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Pancreas. 2010 Mar;39(2):144-8. doi: 10.1097/MPA.0b013e3181bab6c2.

CYP2A13, ADH1B, and ADH1C gene polymorphisms and pancreatic cancer risk.

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1
Toxicogenomics Unit, National Institute of Public Health, Prague, Czech Republic.

Abstract

OBJECTIVES:

Pancreatic carcinoma etiology and molecular pathogenesis are weakly understood. Based on the assumption that genetic variation in carcinogen metabolism further modifies the risk of exposure-related cancers, we studied the association of polymorphisms in the tobacco carcinogen-metabolizing gene CYP2A13 (Arg101Stop) and the alcohol-metabolizing genes ADH1B (Arg48His) and ADH1C (Ile350Val) with pancreatic cancer risk.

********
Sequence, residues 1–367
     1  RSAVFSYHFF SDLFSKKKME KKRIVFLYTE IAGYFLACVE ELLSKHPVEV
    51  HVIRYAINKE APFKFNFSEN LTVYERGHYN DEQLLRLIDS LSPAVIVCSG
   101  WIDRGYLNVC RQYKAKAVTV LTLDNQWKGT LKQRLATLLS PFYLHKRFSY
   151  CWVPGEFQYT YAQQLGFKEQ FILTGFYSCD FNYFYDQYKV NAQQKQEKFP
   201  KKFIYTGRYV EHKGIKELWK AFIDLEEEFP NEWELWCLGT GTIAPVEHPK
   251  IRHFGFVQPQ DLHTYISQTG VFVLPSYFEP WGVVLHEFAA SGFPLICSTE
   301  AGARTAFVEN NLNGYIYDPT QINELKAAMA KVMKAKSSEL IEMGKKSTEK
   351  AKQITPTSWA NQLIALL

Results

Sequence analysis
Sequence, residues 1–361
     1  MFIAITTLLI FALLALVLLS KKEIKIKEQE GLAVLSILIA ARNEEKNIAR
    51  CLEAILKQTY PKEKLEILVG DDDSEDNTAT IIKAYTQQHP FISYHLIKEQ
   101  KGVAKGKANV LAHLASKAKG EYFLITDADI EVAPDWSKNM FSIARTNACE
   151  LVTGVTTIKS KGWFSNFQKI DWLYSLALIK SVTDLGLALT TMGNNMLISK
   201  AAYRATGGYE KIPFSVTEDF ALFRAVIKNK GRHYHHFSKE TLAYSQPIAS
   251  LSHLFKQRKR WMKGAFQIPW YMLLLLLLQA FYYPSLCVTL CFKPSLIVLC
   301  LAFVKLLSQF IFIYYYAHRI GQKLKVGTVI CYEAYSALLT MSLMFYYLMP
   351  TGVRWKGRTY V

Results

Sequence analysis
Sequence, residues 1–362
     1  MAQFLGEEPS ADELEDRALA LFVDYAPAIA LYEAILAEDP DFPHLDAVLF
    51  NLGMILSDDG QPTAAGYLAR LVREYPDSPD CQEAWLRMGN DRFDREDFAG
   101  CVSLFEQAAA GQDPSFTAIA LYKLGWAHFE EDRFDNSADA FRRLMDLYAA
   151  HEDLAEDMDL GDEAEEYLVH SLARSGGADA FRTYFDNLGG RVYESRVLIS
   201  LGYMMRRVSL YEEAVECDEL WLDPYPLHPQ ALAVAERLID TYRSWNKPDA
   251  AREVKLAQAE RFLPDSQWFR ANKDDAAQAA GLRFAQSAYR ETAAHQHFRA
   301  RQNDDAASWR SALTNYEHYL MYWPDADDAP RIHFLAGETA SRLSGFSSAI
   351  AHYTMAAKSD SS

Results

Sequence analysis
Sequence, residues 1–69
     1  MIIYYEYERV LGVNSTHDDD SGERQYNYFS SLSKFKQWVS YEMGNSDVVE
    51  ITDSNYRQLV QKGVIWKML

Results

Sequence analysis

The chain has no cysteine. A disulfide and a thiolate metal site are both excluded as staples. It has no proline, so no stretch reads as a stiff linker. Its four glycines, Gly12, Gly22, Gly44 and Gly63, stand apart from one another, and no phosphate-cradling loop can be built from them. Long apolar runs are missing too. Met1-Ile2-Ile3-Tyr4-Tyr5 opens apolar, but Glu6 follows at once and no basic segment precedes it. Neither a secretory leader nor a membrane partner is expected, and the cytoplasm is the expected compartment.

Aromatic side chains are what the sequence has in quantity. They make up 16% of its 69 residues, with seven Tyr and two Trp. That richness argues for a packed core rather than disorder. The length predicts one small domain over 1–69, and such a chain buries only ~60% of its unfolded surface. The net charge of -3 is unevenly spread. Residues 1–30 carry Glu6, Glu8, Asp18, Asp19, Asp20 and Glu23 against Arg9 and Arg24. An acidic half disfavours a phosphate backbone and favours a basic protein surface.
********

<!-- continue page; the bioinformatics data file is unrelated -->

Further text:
METHODS:

Polymorphisms were studied by allelic discrimination.

RESULTS:

In a hospital-based case-control study, CYP2A13 variant alleles coding an inactive enzyme were found in 7 of 265 cancer-free controls and in none of 235 pancreatic carcinoma patients. Neither ADH1B or ADH1C polymorphisms alone nor their combinations showed a significant effect on pancreatic cancer risk.

CONCLUSIONS:

The first study of the roles of CYP2A13, ADH1B, and ADH1C in pancreatic cancer etiology suggested that the controls may have a lower ability to bioactivate tobacco-derived procarcinogens than the cases.

PMID:
19812523
DOI:
10.1097/MPA.0b013e3181bab6c2
[Indexed for MEDLINE]
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